Default binding is what happens if you don’t use any other kind of binding. If we call any function only parentheses, we will get default binding. It acts differently behave “strict” mode.

In the non-strict mode, the this references the global object when the function is called as follows:

function show() {   
console.log(this === window); // true

In strict mode, Javascript sets this to undefined . Note that the strict mode has been available since ECMAScript 5.1. The strict mode applies to both function and inner functions within the function.

function show() {  
"use strict";
console.log(this === undefined); // true
function display() {
console.log(this === undefined); // true

Implicit binding:

Implicit binding is what happens if you call a function with a “.” before it. In other words, it is calling a method of an object.

const obj = {
foo: function() {
console.log(this); // {foo: f} which is basically obj.

Also you can store it in a variable, call the method via the variable.

const obj = {
name: 'Obj',
foo: function() {
console.log(; // undefined

const newObj =;

It logs undefined because when you call a method without specifying its object, JavaScript sets this to the global object in non-strict mode and undefined in the strict mode.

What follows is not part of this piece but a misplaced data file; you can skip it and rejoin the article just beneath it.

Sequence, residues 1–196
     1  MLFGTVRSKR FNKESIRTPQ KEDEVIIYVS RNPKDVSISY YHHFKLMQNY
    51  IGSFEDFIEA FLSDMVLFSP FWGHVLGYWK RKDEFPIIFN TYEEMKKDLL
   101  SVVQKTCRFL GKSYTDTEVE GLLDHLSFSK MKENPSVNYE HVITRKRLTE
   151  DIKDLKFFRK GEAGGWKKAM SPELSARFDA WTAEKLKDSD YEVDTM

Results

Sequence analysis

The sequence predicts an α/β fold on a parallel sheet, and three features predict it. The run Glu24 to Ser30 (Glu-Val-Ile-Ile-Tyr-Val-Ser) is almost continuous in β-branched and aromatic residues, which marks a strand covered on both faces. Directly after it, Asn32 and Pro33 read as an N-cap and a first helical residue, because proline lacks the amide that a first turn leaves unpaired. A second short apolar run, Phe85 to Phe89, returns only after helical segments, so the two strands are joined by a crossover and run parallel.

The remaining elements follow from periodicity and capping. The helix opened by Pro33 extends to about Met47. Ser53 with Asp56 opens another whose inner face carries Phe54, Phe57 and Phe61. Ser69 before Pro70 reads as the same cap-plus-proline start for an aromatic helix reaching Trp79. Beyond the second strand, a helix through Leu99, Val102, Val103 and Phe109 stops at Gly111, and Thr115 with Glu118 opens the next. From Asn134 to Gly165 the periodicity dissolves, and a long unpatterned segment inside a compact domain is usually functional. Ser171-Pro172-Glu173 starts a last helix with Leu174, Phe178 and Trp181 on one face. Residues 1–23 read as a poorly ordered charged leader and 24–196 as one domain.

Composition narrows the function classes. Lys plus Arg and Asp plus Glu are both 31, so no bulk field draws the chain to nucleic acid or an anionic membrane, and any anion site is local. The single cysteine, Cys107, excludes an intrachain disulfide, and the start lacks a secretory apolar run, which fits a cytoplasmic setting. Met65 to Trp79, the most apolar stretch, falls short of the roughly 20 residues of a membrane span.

Note: To fix this issue, you can use bind method. We will take a look at it later.

New binding:

New binding is what happens when you use the new keyword to create an instance of a function object, you use the function as a constructor. You can use new when calling functions like so: new foo()

new does 4 things:

  1. It creates a new empty object.
  2. It makes this be the new object.
  3. It makes foo.prototype be the prototype of the object.
  4. It implicitly returns this if nothing else is returned from the function.
function foo() {
console.log(this); // outputs an empty object

new foo();

Explicit binding:

In JavaScript, functions are first class citizens. In other words, functions are objects, which are instances of the function type which has two methods: call() and apply() . Explicit binding is what happens if you call a function by using one of the three functions call, apply or bind, present in function objects.

  • call: it accepts additional arguments that are comma separated. They will be passed to the function call., argument1, argument2)
  • apply:it is very similar to the call, the only difference is that it accepts arguments in an array. foo.apply(obj, [argument1, argument2])
function Product(name, price) { = name;
this.price = price;